Sunday, December 14, 2008

from A Philosophical and Mathematical Dictionary, 1815

(page 68)

As the moon has on her surface mountains and valleys in common with the earth, some modern astronomers have discovered a still greater similarity, viz, that some of these are really volcanoes, emitting fire, as those on the earth do. An appearance of this kind was discovered some few years ago by Don Ulloa in an eclipse of the sun. It was a small bright spot like a star near the margin of the moon, and which he at that time supposed to be a hole or valley with the sun's light shining through it. Succeeding observations, however, have induced astronomers to attribute appearances of this kind to the eruption of volcanic fire; and Dr. Herschel has particularly observed several eruptions of the lunar volcanoes, the last of which he gives an account of in the Philos. Trans. for 1787, April 19, 10h. 6m. sidereal time.

"I perceived," says he, "three volcanoes in different places of the dark part of the new moon. Two of them are either already nearly extinct, or otherwise in a state of going to break out; which perhaps may be decided next lunation. The third shows an actual eruption of fire or luminous matter: its light is much brighter than the nucleus of the comet which M. Mechain discovered at Paris the 10th of this month." 

The following night he found it burnt with greater violence; and by measurement he found that the shining or burning matter must be more than 3 miles in diameter; being of an irregular round figure, and very sharply defined on the edges. The other two volcanoes resembled large faint nebulae, that are gradually much brighter in the middle; but no well-defined luminous spot was discovered in them. He adds, "the appearance of what I have called the actual fire, or eruption of a volcano, exactly resembled a small piece of burning charcoal when it is covered by a very thin coat of white ashes, which frequently adhere to it when it has been some time ignited; and it had a degree of brightness about as strong as that with which a coal would be seen to glow in faint day-light.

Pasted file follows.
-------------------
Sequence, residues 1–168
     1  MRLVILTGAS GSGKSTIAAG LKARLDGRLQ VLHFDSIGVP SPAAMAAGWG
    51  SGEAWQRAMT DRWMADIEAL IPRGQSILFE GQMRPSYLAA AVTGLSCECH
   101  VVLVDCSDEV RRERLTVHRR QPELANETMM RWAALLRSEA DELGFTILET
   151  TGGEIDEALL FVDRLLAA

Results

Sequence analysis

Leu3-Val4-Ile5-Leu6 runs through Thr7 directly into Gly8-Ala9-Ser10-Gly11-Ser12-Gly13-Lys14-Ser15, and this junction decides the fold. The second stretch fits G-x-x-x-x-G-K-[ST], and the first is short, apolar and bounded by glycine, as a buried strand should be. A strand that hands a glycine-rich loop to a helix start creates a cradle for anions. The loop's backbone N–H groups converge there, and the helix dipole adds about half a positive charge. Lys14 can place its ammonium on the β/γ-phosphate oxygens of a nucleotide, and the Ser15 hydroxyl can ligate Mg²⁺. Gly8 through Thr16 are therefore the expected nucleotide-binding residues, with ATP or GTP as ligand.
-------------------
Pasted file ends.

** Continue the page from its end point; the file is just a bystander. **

In a letter by M. Lalande, it is said that, the 13th inst. from 7 to 9 in the evening, Dom. Nouet, one of the astronomers of the Royal Observatory, perceived, in the unenlightened part of the moon, what Dr. Herschel has called a volcano, like a star of the sixth magnitude, or one of the cloudy ones, the brightness of which increased from time to time, as if by flashes. Other astronomers have perceived it, and M. de Villeneuve had seen it before, on the 22d of May, 1787. We cannot therefore doubt of the existence of this volcano in the moon. Dr. Herschel saw it the 4th of May, 1783, and particularly the 19th of April, 1787. In the eclipse of the 24th of June, 1778, M. d'Ulloa, a well-known Spanish astronomer, had seen on the dark disc of the moon, a bright point; and in the total eclipse of 1715, certain curious observers had perceived some flashes of light. 

There is no sensible atmosphere in the moon, it is true, and chemists may dispute about the name of volcanoes being given to such apparent eruption; but the name after all is of no consequence, and we must certainly subscribe to Dr. Herschel's opinion. This volcano is situated on the north-east part of the moon, about three minutes from the moon's border, towards the spot called Helicon, marked No. 12 in the figure of the moon in Lalande's astronomy. On the next day, March the 14th, Jupiter had been eclipsed by the moon. This rare and curious phenomena has been observed by all astronomers. 

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